Wow.  If you think it was painful for Him to go in with a whip and clean out their business, how painful was it for them to take that shot at their theology?  They prided themselves at being interpreters of Scripture.  You are mistaken, from the verb plana meaning “to cause to wander, to lead astray.”  Means “you have caused yourselves to wander.  You have led yourselves astray.  You are cut loose from the truth and from reality.  You don’t get it.”  Why?  “Because you do not understand the Scriptures.”  What an indictment that is …

Not understanding the Scriptures, you couldn’t have said anything more painful for them to hear than that You are ignorant interpreters of Scripture.  You’ve gotten it wrong.  You have misled yourselves.  You have wandered from the truth.  You do not understand the Scriptures.  And that could describe every false teacher ever.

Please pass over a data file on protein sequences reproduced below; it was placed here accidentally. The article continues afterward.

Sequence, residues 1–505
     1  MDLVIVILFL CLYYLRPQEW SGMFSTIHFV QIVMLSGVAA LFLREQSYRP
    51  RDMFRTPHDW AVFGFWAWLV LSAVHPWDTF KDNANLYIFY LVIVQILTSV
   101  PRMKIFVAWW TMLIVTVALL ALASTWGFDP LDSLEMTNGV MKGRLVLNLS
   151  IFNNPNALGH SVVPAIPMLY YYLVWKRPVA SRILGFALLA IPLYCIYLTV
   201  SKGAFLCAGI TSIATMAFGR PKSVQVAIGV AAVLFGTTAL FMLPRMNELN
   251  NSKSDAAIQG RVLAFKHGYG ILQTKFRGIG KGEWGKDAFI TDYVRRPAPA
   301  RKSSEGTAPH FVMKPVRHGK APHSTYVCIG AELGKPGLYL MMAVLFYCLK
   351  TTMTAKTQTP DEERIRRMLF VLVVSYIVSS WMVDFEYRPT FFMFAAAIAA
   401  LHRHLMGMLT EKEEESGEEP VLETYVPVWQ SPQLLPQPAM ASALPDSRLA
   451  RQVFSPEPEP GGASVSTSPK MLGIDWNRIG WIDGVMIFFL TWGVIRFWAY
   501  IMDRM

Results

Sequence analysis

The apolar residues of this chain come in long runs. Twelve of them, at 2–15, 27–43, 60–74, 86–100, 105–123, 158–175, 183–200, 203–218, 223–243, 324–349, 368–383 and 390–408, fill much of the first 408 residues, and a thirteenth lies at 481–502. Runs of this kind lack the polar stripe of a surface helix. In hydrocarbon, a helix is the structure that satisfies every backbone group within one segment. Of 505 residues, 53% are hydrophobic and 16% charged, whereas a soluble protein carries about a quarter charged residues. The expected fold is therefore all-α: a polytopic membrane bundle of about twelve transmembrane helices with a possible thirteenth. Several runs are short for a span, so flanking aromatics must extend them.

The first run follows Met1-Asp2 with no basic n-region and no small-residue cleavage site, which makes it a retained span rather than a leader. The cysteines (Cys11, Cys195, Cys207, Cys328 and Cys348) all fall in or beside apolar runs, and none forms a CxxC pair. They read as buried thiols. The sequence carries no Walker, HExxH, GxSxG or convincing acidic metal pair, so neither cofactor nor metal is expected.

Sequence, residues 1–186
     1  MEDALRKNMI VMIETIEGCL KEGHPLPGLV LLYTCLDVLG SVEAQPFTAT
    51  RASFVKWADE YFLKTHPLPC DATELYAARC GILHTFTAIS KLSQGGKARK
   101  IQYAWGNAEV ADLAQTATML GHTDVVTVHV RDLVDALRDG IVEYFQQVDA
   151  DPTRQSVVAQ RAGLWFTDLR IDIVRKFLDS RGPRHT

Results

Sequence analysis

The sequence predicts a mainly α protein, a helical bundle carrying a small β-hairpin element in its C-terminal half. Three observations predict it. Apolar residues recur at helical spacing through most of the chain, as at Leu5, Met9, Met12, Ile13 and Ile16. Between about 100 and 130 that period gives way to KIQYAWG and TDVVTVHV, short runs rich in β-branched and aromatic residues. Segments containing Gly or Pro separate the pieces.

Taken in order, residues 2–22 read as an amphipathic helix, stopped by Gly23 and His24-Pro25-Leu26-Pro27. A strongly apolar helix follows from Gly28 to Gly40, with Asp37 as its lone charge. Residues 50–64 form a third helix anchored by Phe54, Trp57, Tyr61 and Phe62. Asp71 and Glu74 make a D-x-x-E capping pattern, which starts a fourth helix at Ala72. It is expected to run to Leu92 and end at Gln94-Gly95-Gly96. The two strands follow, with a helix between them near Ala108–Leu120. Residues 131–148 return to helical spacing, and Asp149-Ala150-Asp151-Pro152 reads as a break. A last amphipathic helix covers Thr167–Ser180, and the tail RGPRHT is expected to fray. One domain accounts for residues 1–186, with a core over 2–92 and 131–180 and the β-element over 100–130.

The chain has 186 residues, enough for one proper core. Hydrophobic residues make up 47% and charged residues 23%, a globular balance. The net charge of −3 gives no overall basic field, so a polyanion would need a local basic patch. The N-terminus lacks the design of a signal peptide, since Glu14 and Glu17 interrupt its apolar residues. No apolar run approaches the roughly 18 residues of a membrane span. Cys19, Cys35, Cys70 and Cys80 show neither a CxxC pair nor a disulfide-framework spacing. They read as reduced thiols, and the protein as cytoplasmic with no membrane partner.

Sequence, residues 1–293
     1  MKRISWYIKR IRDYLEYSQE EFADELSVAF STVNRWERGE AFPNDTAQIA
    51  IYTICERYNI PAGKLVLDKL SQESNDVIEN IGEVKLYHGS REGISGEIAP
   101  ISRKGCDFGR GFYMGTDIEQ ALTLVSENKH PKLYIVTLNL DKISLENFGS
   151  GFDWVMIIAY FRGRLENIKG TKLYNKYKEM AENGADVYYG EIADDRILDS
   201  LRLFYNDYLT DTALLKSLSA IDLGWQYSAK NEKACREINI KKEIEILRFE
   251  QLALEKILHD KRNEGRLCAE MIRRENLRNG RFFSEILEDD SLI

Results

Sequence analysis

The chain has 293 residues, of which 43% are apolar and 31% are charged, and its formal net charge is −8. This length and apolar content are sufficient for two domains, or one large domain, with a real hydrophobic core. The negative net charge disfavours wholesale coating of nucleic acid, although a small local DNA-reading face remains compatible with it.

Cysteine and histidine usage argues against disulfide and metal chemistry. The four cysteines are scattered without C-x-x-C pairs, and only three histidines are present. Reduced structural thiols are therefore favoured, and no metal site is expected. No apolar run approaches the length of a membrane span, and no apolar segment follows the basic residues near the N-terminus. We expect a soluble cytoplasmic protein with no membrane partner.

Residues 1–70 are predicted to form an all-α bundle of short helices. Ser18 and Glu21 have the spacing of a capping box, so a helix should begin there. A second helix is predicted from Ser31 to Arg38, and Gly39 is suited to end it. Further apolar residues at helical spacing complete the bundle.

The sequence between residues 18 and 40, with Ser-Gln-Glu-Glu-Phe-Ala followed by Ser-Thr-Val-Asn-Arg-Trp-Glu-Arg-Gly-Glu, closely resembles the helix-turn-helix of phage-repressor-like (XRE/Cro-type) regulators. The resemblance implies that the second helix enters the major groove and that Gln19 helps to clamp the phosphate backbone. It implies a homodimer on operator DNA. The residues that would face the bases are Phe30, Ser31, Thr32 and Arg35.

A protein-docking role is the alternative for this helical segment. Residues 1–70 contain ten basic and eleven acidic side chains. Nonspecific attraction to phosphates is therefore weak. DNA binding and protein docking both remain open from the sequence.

They prided themselves on the knowledge of the Scripture.  They didn’t have it.  And then “you do not understand the Scriptures – ” He says “ – nor the power of God.”  Had they known the Scriptures, had they really known the Scriptures, they would have known that God promises resurrection.  Had they known the power of God, they would have understood that God can raise people in a state where all their supposed absurdities are absent.  They were spiritually blind.

And so, He’s going to tell them the truth.  Verse 34, “Jesus said to them, ‘The sons of this age marry and are given in marriage.’ ”  “Sons of this age.”  That’s a Hebraism for “people living in this world,” us, temporal humans.  What is Jesus saying?  The matter of marriage, sex, reproduction, childbirth, and everything accompanying it is for this life, not the next.  It’s for this life, not the next.  There is for this age marrying and giving in marriage.  That is a part of this age.